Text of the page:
Historically the term "Qi " appeared for the first time in medical texts about two or three centuries B.C., meaning outer influences, existing for example in terms like xie-qi (evil influences) as a reason for diseases, opposed to xie-gui (evil demons) which was a relict of the older demonological therapy. Since then the meaning of Qi has been undergone many changes, resulting from different concepts and theories in medicine, philosophy and science.

But finally, a little more than 15 years ago Chinese scientists on both sides of the Taiwan straits, as well as in Hong Kong began to apply western methods, trying to solve the mystery: How far did they get ?

Puzzles solved?

Hong Kong

Dr. James Ma, teaching Nuclear Magnetic Resonance (N.M.R.) in the Institute of Science and Technology in The Chinese University of Hong Kong researched Qi after he found out by accident that the feeling caused by practicing Qigong, Acupuncture or Tai-Chi Chuan can be felt only seconds after practicing when people stand in front of a super-conducting magnet, operated at -270º C with a magnetic strength of 58000 gauss ( Hundred thousand times stronger than the magnetic field of the earth ).

He also once observed that elephants ( the most long-living animal of the tropical zones ) while idle are swinging their trunks in a frequency of 0,5 cycles per second (= Hz), which is the same speed with which mothers swing a crying baby's bed to calm it. He began to analyze the frequency of certain movements and found that gifted people with outstanding achievements in music, art, religion etc. have all one thing in common: The habit of rhythmical movements by swimming, dancing or sports within a range of 0.5 - 1 Hz (cycles per second).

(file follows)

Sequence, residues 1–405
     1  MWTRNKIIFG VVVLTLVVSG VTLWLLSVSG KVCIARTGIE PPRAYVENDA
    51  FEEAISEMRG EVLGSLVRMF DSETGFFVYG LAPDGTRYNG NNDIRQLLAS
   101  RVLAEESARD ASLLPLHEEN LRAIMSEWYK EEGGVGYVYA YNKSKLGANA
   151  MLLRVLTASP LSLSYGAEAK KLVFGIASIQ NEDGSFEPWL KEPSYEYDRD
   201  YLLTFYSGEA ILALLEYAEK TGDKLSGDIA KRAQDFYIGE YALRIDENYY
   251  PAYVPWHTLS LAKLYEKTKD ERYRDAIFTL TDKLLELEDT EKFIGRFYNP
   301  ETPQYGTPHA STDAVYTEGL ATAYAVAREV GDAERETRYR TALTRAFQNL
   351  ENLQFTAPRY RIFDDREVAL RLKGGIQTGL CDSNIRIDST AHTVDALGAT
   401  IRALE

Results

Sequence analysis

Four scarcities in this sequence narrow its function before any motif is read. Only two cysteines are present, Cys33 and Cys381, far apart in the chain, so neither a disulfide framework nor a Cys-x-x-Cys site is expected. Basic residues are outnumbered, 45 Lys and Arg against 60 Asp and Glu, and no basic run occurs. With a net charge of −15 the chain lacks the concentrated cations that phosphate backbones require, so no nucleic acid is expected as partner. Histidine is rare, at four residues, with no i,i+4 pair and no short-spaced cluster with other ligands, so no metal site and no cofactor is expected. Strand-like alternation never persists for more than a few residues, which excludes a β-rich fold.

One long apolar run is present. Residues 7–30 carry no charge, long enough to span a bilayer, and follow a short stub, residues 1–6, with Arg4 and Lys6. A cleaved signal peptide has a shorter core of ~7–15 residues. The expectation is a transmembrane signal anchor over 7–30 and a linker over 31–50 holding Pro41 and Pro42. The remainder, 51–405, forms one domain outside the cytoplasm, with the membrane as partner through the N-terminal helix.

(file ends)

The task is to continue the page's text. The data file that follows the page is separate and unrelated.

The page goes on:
Then he watched people in China doing Tai-Chi Chuan and Qigong and it was all in the range of 0.1 - 0.7 Hz.

Now knowing from his profession that Magnetic Resonance is the sudden change of atom's magnetic orientation and thus by absorption of energy raising to a high energy level can only occur when the frequency ( Here: of the body) is the same as the frequency of the metallic atoms swinging, he measured the magnetic field strength of metallic elements in the body and found a very weak magnetic field of 0.00005 gauss which requires exactly a low frequency of 0.3 Hz to achieve biomagnetic resonance. Was that the missing clue ? Maybe.